Trusts Aren’t Just For The Wealthy
Trusts are legal mechanisms that let you put conditions on how and when your assets will be distributed upon your death. They may also allow you to reduce your estate and gift taxes and to distribute assets to your heirs without the cost, delay, and publicity of probate court, which administers wills.
The passing of a loved one can leave a family grieving and distressed. There are relationships that will become stronger, and some may distance. Good communication and advance planning can help families protect a lifetime of accumulated assets, and insure that there is a plan in place for financial and medical directives when the time comes.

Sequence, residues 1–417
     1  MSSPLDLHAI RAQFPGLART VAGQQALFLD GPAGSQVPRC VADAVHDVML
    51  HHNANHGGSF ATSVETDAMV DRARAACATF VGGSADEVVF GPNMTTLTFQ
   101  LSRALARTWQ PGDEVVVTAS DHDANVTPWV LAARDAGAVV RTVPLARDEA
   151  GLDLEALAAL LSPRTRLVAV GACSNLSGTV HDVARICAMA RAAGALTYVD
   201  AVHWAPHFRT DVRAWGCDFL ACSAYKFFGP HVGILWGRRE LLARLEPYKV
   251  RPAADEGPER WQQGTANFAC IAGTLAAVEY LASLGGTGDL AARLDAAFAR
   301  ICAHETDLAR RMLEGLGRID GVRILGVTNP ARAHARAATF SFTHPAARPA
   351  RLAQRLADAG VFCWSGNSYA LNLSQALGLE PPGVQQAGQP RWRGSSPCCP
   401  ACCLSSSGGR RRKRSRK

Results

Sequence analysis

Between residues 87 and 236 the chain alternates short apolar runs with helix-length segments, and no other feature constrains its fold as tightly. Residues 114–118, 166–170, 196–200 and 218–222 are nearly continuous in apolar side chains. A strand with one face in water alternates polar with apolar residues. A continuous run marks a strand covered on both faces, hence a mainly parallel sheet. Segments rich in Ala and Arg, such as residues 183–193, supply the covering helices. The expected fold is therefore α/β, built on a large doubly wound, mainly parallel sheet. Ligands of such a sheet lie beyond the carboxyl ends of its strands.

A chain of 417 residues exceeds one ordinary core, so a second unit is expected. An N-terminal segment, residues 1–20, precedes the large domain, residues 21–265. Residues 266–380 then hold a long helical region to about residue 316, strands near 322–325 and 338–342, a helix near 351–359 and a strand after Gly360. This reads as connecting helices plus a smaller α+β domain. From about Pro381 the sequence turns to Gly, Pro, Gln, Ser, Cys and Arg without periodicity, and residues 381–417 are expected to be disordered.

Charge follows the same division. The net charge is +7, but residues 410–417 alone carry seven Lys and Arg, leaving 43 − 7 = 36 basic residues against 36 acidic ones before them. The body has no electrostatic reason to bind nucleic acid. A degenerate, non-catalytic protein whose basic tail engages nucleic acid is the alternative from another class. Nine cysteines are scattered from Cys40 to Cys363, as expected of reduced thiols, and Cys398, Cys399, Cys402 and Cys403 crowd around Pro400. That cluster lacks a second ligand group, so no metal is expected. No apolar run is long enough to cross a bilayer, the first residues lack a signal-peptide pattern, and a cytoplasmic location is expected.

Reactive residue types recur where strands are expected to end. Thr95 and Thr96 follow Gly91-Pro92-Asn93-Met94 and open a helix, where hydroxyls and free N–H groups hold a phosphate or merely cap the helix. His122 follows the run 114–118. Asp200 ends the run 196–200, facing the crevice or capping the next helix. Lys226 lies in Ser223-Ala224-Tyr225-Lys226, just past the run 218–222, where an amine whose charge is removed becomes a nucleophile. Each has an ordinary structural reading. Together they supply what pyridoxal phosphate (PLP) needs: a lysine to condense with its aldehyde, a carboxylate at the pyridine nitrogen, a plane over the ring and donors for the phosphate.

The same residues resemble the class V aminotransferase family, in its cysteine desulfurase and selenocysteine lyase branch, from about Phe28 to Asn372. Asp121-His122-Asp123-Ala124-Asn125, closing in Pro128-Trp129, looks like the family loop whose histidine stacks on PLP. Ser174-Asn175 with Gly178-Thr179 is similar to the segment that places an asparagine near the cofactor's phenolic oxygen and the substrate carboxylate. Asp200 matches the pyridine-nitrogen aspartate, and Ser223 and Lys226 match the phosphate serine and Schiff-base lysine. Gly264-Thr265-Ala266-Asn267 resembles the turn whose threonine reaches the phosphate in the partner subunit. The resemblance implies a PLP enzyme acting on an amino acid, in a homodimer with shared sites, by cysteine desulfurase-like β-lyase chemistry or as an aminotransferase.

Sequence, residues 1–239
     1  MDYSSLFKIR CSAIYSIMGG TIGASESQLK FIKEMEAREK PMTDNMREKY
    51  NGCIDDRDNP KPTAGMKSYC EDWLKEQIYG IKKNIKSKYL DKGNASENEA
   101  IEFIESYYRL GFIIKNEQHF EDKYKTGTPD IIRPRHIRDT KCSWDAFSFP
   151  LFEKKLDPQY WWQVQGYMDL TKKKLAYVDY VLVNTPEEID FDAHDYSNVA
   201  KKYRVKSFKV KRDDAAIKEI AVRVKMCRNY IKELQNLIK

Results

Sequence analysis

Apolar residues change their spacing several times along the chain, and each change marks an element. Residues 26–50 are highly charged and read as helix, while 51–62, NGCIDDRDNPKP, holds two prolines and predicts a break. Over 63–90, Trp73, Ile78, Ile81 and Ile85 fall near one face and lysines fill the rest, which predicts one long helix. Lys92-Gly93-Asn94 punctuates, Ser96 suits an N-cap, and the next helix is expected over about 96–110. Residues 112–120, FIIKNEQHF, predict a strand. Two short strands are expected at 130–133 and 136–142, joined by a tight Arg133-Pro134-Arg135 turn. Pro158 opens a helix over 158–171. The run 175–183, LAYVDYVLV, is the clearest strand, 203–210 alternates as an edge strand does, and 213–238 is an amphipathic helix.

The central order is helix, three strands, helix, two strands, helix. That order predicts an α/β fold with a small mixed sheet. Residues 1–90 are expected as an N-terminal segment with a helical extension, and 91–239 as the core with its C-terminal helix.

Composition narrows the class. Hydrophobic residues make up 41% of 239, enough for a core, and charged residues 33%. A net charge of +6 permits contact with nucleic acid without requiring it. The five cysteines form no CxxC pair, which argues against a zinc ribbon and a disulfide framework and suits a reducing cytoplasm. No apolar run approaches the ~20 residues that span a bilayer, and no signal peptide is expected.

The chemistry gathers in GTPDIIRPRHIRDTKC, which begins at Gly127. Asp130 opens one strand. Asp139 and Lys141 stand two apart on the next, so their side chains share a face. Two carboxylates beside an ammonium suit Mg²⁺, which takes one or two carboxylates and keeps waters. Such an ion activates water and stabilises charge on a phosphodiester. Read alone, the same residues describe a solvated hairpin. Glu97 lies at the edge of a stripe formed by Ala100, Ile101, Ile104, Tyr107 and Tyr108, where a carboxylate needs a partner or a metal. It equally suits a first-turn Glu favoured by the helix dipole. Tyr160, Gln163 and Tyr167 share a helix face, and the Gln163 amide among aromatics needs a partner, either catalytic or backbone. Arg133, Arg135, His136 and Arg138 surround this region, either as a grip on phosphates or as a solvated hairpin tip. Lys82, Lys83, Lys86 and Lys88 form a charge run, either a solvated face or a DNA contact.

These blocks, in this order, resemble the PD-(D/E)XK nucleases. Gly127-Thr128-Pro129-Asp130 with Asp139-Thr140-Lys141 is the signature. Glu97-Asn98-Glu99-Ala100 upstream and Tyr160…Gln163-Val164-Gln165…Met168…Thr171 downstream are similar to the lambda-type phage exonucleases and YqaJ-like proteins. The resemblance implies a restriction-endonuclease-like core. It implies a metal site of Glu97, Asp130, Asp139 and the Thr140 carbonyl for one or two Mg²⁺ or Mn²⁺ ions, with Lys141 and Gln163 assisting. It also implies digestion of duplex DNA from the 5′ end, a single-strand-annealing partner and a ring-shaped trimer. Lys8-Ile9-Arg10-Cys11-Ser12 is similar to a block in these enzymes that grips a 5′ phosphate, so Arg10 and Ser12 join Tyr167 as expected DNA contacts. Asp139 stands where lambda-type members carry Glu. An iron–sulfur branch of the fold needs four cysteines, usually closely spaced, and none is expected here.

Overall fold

Here are some questions to present to your trusted advisor:
- Should everyone have a Living trust?
- Do I still need a will if I have a Living Trust?
- How could a trust help me out if I become incapacitated?
- Will a Living Trust help reduce estate taxes?
- What are the costs of a Living Trust?
- Is the Trustee compensated?
An experienced and qualified estate-planning attorney can help to guide you and your family in forming an estate plan to manage the settlement of your estate, privately, and confidentially. Please check with your tax accountant, family attorney, or financial planner about forming a trust. We work with a variety of trust and estate attorneys daily, and are happy to pass along referrals.
“Trusts direct assets after one’s passing. Not only is a trust is the most flexible vehicle for individuals to ensure their estate is cared for, it’s also a way to care for people who were in their lives.” – Brian Ades (SRES) Trust and Estate Specialist